Last week we shared some top resources to build upon your international business expertise. There were at least two resources for each type of medium – from blogs to radio on demand – to help you engage with international business topics.
This week we revisit some sage advice from an interview with Becky DeStigter, on common mistakes companies make when entering global markets, and some thoughts on our experience bringing international conferencing to market.
Fear of intellectual property theft prohibits entry
Becky: The number one issue I’m seeing right now, particularly in technology companies, which is companies avoiding going to either international or to a specific market in order to protect their intellectual property. And what’s unfortunate is it has the opposite effect. It’s sort of like the burglar who goes down to your street casing houses. They’re looking for the house that’s on vacation and not the people that are home. So I think that’s a misstep that I often see.
Brad: Adigo entered the international market to provide a higher caliber of conferencing than what was being offered by current providers. The absence of the 13 critical capabilites (the no one home syndrome Becky spoke about) ultimately worked to our advantage in developing a superior level of international conferencing service to address these key capabilities. Sure, you need to be cautious, but don’t let fear keep you from capitalizing on the opportunity.
Contracts trump relationships
Becky: Second, I think is assuming that a contract is the basis for a business relationship overseas. In many places, it’s not. A personal relationship with your counterpart is actually the foundation and I would argue that that’s actually a stronger foundation and much more flexible as conditions in country change.
Brad: Totally agree. When setting up services involving such matters as establishing multiple carriers and access numbers for each country, identifying stakeholders and building relationships was key to our success.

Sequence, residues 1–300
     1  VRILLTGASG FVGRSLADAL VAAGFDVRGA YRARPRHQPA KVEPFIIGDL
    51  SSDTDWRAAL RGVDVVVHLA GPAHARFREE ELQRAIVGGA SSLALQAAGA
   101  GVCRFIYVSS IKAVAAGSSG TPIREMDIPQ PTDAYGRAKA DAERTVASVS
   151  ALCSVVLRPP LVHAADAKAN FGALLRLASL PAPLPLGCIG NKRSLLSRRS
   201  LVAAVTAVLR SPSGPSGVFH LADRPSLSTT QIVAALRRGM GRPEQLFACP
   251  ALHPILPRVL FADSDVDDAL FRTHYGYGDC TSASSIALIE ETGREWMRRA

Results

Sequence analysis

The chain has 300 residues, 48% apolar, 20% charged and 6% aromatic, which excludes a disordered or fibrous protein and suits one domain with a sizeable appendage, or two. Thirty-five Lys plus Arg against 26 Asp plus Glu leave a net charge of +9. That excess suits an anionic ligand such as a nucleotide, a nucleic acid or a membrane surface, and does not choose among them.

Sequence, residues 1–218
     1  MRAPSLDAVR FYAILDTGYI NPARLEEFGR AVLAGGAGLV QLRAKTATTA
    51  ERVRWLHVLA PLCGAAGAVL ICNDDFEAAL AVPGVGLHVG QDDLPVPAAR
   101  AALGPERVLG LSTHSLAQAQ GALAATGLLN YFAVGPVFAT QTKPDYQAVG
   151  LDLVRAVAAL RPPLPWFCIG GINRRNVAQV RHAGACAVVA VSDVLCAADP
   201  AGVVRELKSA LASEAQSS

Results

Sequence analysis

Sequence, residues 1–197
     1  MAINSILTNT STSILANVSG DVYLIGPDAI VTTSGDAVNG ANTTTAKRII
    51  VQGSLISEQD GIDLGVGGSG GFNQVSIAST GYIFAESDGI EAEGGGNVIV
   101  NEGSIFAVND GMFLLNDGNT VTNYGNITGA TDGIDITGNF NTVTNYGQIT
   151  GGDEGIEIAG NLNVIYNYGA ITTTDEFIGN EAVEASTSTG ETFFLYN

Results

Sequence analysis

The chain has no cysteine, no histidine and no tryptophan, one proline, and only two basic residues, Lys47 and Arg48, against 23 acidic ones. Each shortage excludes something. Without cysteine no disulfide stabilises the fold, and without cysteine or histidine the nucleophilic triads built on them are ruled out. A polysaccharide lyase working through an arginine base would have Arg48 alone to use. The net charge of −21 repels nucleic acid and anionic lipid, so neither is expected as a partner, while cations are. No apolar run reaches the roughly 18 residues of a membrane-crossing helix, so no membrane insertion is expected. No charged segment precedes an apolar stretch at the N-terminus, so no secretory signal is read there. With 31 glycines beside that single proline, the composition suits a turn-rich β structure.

A do-it-yourself mentality
Becky: The third misstep that I’ve seen is assuming that you need to do it all yourself, instead of partnering. You need to invest time in that partnering relationship, but it is a way to extend to other companies competitive advantages and make them your own.
Brad: Thinking back on the need for in-country line and number reliability, we learned that we couldn’t rely solely on technology involving automated testing. The complexity of disparate systems from country to country meant we needed to involve humans to ensure problems were not overlooked.
Buying (and usage) behavior is the same everywhere
Becky: And I would say fourth mistake companies make going global is in assuming that buying behavior is the same here as it is elsewhere. A lot of companies look for that — that country list of GDP per capita, high-income countries, but behavior isn’t always the same. For instance, I know a lady whose company designs handbags in New York City and she can sell a handbag in New York City for $400, but she can sell the same handbag in Japan for $800. And actually, high-end fashion is the only recession proof industry in Japan, ladies fashion, high-end fashion. So I think that’s something to look at is the buying behavior.
Brad: For us it was about providing more than one option for participants in different countries to join a conference call. It wasn’t situation where one way fits all. And that’s because that way might not work in some countries. And so we identified and implemented 6 different ways to join a call with our international conferencing service.
Assuming that all things will stay constant
Becky: And finally, they assume that things will stay the same. A few years ago, we would never recommend that anyone go to Central Europe. It was a mess. And now, we definitely see a great resurgence in that region. So whatever you knew to be the case a couple years ago or even six months ago, may not be the case today. It’s good to revisit those conditions once again.
Brad: This is a great reminder for us all that things will and do change, especially when doing business or providing an international-based service. We are constantly monitoring call performance to minimize hiccups, and keeping tabs on international conditions to improve operations.
Where are you with going global? What obstacles or mistakes are you seeking to overcome? How have you met some of these or other challenges to enter an international or specific market?
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